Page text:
Types and causes
Osteoarthritis is degeneration of bone caused by general wear and tear, overuse of a particular joint or being overweight. It causes stiffness, pain and immobility and affects 80 per cent of people over 50, especially post-menopausal women and the elderly.
Rheumatoid arthritis is inflammation of the tissues surrounding the joints caused by an immune-system imbalance. It’s characterised by red and swollen joints, aching and pain, and can be triggered by stress, diet and viral infections. The exact cause, however, is unknown.
Ankylosing spondylitis is inflammation of the bones of the spine. For more information about the condition, see the Arthritis guide.
Anti-inflammatory drugs, painkillers, steroids, physiotherapy and heat treatment are all used to combat arthritic pain. In severe cases, surgery may be used to replace the joint.
* Dietary therapy – adopting a diet low in sugar, animal produce and refined carbohydrates but high in vegetables, wholegrains, fibre and essential fatty acids (EFAs) can help rheumatoid arthritis. Daily intake of omega-3 and omega-6 EFAs, found in fish and plant oils, helps to decrease inflammation and pain. Testing for food intolerance and then eliminating identified foods can also help. Common trigger foods include dairy produce, wheat, grains, tomatoes, citrus fruits and potatoes.
* Nutritional therapy – selenium, zinc, magnesium and vitamin E can help to prevent and treat osteo- and rheumatoid arthritis. Glucosamine and chondroitin supplements may help cartilage formation. Some patients find bromelian (derived from pineapple) or green-lipped mussel (Perna canaliculus) help to reduce inflammation. Avocado and soya bean derivatives may also provide long-term benefits for osteoarthritis.
* Herbal medicine – certain herbs have long been used for their anti-inflammatory properties, including devil’s claw, barberry, guggal and ginger.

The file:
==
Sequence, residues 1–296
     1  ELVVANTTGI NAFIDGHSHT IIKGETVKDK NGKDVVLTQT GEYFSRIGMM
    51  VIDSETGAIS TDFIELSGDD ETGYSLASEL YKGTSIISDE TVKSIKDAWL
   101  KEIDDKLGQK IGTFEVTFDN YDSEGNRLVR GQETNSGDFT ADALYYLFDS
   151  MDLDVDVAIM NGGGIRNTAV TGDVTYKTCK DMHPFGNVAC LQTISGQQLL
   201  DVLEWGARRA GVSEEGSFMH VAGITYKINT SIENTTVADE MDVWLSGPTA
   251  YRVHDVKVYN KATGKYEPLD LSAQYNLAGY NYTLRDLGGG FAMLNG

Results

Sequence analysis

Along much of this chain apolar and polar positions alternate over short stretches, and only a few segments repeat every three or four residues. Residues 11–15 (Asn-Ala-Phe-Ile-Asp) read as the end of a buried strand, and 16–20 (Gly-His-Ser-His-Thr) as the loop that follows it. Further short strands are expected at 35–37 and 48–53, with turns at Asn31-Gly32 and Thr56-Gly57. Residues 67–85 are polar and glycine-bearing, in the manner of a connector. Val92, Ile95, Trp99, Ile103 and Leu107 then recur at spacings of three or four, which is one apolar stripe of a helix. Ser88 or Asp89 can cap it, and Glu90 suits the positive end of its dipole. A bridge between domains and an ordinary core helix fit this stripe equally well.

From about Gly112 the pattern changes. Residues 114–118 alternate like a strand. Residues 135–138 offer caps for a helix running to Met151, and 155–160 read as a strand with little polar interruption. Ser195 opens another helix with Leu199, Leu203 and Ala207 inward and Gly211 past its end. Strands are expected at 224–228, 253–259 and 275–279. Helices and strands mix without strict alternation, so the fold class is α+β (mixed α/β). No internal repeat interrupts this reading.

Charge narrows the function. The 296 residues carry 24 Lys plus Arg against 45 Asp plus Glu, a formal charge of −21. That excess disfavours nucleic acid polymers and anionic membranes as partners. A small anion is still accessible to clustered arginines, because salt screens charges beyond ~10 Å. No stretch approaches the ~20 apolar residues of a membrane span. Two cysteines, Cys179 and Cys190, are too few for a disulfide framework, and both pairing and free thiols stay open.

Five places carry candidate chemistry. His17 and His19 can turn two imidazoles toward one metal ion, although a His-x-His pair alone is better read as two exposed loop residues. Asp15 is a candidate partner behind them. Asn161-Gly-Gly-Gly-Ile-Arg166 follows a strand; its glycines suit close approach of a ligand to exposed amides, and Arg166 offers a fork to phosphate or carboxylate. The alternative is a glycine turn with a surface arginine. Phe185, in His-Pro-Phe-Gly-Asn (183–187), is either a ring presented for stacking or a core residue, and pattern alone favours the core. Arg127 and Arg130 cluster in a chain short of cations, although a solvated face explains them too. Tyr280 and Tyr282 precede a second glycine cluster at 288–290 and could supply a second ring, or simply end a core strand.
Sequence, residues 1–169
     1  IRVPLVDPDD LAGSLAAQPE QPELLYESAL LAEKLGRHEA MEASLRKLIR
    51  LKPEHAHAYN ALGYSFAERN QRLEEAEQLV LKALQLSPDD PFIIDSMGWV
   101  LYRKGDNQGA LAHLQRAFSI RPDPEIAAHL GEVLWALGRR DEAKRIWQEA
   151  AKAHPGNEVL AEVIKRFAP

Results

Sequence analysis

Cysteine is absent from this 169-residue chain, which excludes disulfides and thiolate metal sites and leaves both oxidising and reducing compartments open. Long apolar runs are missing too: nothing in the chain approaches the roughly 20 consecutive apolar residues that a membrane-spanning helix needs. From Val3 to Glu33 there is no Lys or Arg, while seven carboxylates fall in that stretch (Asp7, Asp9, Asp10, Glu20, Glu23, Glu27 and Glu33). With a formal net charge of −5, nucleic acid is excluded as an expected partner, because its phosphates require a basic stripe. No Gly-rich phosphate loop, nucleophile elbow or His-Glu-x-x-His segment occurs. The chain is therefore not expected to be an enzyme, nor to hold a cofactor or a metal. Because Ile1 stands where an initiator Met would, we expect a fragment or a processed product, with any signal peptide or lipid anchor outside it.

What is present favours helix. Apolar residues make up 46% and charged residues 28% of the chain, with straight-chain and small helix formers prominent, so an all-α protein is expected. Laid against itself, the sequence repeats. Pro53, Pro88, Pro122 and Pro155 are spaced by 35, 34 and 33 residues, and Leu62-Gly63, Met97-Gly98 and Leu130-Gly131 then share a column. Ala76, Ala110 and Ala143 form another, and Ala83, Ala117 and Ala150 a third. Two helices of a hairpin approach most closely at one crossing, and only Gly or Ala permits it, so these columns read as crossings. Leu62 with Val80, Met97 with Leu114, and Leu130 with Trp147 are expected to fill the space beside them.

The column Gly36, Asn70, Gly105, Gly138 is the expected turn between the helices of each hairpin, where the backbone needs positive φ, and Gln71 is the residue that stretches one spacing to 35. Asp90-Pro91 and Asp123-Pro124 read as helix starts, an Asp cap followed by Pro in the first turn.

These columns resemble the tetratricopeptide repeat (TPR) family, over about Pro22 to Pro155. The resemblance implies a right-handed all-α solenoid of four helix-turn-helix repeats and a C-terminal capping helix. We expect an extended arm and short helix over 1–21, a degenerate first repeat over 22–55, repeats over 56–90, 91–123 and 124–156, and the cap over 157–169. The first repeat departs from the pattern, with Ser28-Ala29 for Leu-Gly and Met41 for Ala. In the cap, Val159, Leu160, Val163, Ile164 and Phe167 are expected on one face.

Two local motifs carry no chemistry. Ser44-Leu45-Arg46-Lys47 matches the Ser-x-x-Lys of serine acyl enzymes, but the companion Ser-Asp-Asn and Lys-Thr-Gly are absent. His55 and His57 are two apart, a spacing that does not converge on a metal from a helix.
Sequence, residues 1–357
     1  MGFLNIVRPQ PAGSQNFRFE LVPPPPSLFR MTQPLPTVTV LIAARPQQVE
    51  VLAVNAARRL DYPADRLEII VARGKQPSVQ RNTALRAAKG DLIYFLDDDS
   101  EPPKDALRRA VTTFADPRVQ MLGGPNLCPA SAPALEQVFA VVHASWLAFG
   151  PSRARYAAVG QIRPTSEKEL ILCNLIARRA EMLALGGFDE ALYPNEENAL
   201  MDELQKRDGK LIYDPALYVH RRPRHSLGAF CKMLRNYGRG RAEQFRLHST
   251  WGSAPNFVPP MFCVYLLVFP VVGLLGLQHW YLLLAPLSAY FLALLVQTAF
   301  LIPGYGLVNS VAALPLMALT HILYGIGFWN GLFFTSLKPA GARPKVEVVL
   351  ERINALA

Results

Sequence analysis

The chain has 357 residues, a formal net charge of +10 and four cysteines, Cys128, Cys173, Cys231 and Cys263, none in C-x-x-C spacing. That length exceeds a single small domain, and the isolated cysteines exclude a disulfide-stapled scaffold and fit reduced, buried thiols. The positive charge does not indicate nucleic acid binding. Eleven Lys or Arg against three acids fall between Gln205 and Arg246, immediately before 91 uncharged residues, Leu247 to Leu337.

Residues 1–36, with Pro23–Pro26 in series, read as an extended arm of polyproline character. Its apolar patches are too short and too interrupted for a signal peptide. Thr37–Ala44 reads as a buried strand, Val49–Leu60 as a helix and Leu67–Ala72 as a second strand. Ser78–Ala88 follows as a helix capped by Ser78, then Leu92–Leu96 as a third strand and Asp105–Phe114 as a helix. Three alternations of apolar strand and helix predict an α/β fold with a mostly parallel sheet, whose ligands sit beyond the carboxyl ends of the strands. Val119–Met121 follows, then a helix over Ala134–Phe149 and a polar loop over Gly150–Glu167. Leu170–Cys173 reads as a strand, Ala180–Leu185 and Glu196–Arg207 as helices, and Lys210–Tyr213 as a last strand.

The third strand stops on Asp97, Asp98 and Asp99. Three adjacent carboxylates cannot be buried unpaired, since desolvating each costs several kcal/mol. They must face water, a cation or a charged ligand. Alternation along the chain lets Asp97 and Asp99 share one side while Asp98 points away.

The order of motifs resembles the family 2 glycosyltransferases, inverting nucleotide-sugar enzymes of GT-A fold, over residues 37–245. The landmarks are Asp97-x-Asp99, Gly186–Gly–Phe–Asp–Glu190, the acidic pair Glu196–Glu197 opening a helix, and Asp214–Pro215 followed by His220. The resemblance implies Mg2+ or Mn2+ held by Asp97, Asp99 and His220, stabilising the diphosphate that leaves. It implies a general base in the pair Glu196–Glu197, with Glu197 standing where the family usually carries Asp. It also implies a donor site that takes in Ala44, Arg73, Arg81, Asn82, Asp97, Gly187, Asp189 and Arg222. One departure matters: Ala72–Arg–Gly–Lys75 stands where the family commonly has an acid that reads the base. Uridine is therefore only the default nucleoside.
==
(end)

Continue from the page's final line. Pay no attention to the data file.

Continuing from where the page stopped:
* Acupuncture – is claimed to decrease arthritic pain and increase mobility. It can also help patients to reduce their reliance on pain-control medication. Early treatment is advisable for best results.
* Homeopathy – many sufferers report that individually tailored homoeopathic remedies can ease pain. One study found such remedies worked better than aspirin in reducing discomfort and pain.
* Electrostimulation – transcutaneous nerve stimulation (TENS) devices provide relief for some arthritis sufferers. However, research results are contradictory.
* Osteopathy, chiropractic and massage – can improve circulation around the joint and increase mobility. However, manipulation should only be performed with great care and may have to be avoided altogether in the case of severely arthritic joints.
* Hydrotherapy – mineral and thermal baths (balneotherapy) have been used for centuries to treat osteoarthritis. Cold compresses can relieve inflammation and pain, while gentle exercise in water can increase mobility.
* Take regular, gentle exercise such as walking and swimming to keep the joints mobile and strengthen the supporting muscles.
* Lose weight or maintain your ideal weight to ease pressure on the joints.
* Change your diet and take nutritional supplements as appropriate to reduce pain and inflammation. Food intolerance testing may be helpful to identify specific sensitivities.
* Self-massage with oils or creams containing anti-inflammatory herbs.
* Make a cold compress by soaking a piece of cotton in cold water, then wringing it out and placing it over the affected joint to reduce inflammation. Cover with dry, warm material, such as wool or towelling, and leave for an hour or so.
This article was last medically reviewed by Dr Stephen Hopwood in April 2009.